More than 70 passive sensors on Mount Etna have captured the first radon measurements in volcanic plumes and show that radon could affect people around volcanoes.
High levels of carbon dioxide and hydrogen sulfide emitted by volcanic outgassing caused a deadly accident near Rome, Italy, in 2011, geoscientists have shown.
Humanity’s carbon emissions are, by far, the largest disturbance to Earth’s steady state carbon cycle.
Hydrous silica-rich magmas can degas through connected bubble pathways when as little as 20% crystals are present, influencing transitions from explosive, Vulcanian-style eruptions to lava effusion.
High-precision airborne measurements, in combination with atmospheric modeling, suggest that the Katla subglacial caldera may be one of the planet’s biggest sources of volcanic carbon dioxide.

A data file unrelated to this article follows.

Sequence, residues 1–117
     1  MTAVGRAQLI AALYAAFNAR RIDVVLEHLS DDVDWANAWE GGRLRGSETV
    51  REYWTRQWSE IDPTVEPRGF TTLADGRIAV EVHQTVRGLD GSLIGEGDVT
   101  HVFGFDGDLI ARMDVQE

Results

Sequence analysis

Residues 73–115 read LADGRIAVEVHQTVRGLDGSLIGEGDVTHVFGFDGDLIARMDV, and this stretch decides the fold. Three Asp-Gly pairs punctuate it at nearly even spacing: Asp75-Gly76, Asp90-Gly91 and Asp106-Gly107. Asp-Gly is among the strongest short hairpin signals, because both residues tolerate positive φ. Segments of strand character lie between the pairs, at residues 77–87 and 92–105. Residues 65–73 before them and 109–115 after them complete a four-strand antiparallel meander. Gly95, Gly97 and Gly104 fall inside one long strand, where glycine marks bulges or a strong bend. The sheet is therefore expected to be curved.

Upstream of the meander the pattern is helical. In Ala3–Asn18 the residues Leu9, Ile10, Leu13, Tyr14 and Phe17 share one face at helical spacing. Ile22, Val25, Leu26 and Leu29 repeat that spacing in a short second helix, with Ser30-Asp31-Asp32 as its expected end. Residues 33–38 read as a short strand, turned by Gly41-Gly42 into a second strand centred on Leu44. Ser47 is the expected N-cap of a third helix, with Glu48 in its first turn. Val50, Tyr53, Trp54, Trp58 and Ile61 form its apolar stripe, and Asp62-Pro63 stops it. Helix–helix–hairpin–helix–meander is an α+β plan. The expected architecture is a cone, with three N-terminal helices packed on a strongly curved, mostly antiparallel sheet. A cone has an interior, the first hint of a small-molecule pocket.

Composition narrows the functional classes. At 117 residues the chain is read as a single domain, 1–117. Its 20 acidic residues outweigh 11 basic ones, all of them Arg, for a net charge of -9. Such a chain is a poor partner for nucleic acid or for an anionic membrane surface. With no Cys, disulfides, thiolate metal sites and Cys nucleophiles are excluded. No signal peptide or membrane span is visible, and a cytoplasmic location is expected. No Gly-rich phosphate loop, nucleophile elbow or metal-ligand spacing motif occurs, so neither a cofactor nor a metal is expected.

A team of volcanologists, chemists, physicists, and engineers from around the world test novel techniques at Central America’s two largest degassing volcanoes.
Readings from a sensor for the radioactive gas near summit craters of the Italian volcano reveal signatures of such processes as seismic rock fracturing and sloshing of groundwater and other fluids.
Scientists use 3-D imaging to reveal Solfatara crater’s inner plumbing.
During a closely watched eruption, plumes of harmful sulfur dioxide gas morphed into “plumerangs” of sulfuric-acid-rich aerosols that descended on populated parts of Iceland.
A widely used technique to monitor sulfur dioxide was tweaked to focus on water vapor at Peru’s Sabancaya Volcano. Results show that the volcano steamed up prior to its 2016 eruption.